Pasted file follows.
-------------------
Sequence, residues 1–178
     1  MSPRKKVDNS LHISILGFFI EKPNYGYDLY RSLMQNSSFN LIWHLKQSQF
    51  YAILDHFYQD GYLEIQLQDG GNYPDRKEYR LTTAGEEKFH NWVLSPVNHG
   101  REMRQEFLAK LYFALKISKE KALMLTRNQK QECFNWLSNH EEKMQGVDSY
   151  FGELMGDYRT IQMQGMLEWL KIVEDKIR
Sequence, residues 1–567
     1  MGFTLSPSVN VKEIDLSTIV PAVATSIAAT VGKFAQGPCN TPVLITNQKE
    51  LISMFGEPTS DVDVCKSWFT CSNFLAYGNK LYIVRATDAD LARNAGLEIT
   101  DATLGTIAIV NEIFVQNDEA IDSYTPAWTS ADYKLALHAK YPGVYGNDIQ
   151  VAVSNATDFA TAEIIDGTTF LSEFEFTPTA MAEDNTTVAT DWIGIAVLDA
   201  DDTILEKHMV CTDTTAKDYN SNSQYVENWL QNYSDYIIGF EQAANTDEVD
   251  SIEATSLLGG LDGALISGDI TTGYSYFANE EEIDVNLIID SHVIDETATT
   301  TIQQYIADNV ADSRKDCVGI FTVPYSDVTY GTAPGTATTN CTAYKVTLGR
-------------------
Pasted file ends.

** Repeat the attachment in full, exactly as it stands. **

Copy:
Sequence, residues 1–178
     1  MSPRKKVDNS LHISILGFFI EKPNYGYDLY RSLMQNSSFN LIWHLKQSQF
    51  YAILDHFYQD GYLEIQLQDG GNYPDRKEYR LTTAGEEKFH NWVLSPVNHG
   101  REMRQEFLAK LYFALKISKE KALMLTRNQK QECFNWLSNH EEKMQGVDSY
   151  FGELMGDYRT IQMQGMLEWL KIVEDKIR
Sequence, residues 1–567
     1  MGFTLSPSVN VKEIDLSTIV PAVATSIAAT VGKFAQGPCN TPVLITNQKE
    51  LISMFGEPTS DVDVCKSWFT CSNFLAYGNK LYIVRATDAD LARNAGLEIT
   101  DATLGTIAIV NEIFVQNDEA IDSYTPAWTS ADYKLALHAK YPGVYGNDIQ
   151  VAVSNATDFA TAEIIDGTTF LSEFEFTPTA MAEDNTTVAT DWIGIAVLDA
   201  DDTILEKHMV CTDTTAKDYN SNSQYVENWL QNYSDYIIGF EQAANTDEVD
   251  SIEATSLLGG LDGALISGDI TTGYSYFANE EEIDVNLIID SHVIDETATT
   301  TIQQYIADNV ADSRKDCVGI FTVPYSDVTY GTAPGTATTN CTAYKVTLGR